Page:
Egypt's public prosecutor this morning ordered the arrest of the leaders of ousted President Mohammed Mursi's Muslim Brotherhood.
It charged them with inciting violence in a clash that saw troops shoot dozens of his supporters dead.
Brotherhood spokesman Gehad El-Haddad said the announcement of charges against leader Mohamed Badie and several other senior Islamists was a bid by authorities to break up a vigil by thousands of Mursi supporters demanding his reinstatement.
This week's unrest has alarmed Western donors and Israel, which has a 1979 peace treaty with Egypt.
The US Washington has neither welcomed Mr Mursi's removal nor denounced it as a "coup".
Under US law, a coup would require it to halt aid, including the $1.3 billion it gives the army each year.
The Brotherhood's downfall has, however, been warmly welcomed by three of the rich Arab monarchies of the Gulf, who showered Cairo with aid to prop up the collapsing economy.
Kuwait promised Egypt $4bn in cash, loans and fuel today, a day after Saudi Arabia pledged $5bn and the United Arab Emirates offered $3bn.
The Brotherhood leaders were charged with inciting violence in Monday's shootings, which began before dawn, when the Brotherhood says its followers were peacefully praying.
The army says terrorists provoked the shooting by attacking its troops.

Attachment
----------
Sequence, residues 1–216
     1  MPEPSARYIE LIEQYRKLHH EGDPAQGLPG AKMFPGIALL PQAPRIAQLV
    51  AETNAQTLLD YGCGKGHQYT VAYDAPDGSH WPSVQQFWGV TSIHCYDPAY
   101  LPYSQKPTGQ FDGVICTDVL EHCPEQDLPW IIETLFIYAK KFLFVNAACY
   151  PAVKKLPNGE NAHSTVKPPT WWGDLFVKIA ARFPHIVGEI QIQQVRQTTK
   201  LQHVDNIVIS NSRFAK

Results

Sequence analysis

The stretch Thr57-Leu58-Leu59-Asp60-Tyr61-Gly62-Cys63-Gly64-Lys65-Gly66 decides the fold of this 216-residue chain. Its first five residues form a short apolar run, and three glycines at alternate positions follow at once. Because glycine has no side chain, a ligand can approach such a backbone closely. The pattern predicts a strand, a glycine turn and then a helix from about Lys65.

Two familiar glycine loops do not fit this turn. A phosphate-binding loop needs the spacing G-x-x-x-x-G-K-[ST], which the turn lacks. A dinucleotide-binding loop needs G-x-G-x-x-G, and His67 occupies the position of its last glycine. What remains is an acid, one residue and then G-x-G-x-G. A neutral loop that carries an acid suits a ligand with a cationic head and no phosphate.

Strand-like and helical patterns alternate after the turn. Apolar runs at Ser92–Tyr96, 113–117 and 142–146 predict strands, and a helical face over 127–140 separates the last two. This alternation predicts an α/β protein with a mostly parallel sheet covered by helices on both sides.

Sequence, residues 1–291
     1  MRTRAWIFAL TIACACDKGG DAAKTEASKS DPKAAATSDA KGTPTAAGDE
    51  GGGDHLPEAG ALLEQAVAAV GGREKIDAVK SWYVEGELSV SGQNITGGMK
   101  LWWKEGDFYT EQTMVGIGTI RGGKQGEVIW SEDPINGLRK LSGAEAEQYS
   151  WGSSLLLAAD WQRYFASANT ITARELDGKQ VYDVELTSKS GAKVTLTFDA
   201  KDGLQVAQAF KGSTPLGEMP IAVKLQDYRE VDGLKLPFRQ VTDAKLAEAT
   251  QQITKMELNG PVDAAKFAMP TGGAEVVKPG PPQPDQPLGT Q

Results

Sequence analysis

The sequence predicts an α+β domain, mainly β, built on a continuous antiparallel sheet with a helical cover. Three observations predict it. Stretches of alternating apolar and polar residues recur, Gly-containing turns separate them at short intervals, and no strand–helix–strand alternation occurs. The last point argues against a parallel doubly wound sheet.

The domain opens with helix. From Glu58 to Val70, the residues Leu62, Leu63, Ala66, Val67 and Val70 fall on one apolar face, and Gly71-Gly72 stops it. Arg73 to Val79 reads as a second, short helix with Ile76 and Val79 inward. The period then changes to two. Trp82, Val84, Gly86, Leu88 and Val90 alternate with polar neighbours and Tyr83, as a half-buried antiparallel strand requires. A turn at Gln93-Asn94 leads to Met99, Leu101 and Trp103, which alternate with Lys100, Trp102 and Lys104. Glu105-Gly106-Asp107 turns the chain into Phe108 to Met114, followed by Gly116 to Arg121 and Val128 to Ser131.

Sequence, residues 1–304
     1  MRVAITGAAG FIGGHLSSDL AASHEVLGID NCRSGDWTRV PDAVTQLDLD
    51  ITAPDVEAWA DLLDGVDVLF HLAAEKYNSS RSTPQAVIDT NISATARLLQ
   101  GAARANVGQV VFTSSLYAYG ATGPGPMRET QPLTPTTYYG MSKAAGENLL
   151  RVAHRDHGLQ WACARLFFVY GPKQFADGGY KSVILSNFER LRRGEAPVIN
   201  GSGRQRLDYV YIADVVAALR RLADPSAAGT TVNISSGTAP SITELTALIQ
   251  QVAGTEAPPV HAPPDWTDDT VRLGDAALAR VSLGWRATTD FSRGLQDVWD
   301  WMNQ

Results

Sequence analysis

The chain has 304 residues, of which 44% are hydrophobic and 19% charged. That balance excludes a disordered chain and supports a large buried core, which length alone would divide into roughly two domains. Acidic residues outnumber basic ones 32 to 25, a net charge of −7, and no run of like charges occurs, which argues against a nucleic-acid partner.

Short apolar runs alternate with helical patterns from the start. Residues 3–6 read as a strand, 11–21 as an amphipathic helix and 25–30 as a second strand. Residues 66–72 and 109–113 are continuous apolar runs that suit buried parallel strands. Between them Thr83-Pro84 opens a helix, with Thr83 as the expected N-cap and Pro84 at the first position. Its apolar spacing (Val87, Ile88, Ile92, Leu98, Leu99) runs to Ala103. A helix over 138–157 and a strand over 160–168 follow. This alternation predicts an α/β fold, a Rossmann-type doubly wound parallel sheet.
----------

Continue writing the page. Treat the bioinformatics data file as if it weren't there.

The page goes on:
According to security sources, 57 people died including 53 protesters and four members of the security forces.
Mr Haddad said the Brotherhood leaders had not been arrested and some were still attending the protest vigil at Rabaa Adawiya mosque.
The charges against them were "nothing more than an attempt by the police state to dismantle the Rabaa protest".
"What can we do?" he asked. "In a police state, when the police force are criminals, the judiciary are traitors and the investigators are the fabricators, what can one do?"
In addition to Mr Badie, prosecutors ordered the arrest of others including his deputy, Mahmoud Ezzat, and outspoken party leaders Essam El-Erian and Mohamed El-Beltagi.
Khairat El-Shater, another senior leader, was held last week.
The prosecutor also ordered 206 Brotherhood activists arrested after Monday's violence to be detained for a further 15 days on accusations of involvement in the killings.
It released 464 others who had been detained, on bail of about $300 each.
Interim authorities proceed with 'road map'
Despite the violence that followed Mr Mursi's removal, the interim authorities are proceeding with the army's "road map" to restore civilian rule.
Yesterday they named 76-year-old economist Hazem el-Beblawi as acting prime minister.
Mr Beblawi said he would start selecting ministers and would begin by meeting liberal politicians Mohamed ElBaradei and Ziad Bahaa el-Din.
Mr ElBaradei, a former UN agency chief, has been named Vice President.
Mr Bahaa el-Din, a former head of Egypt's investment authority, has been touted for senior posts.
Both are prominent figures in the National Salvation Front, the main secularist group that led protests against Mr Mursi.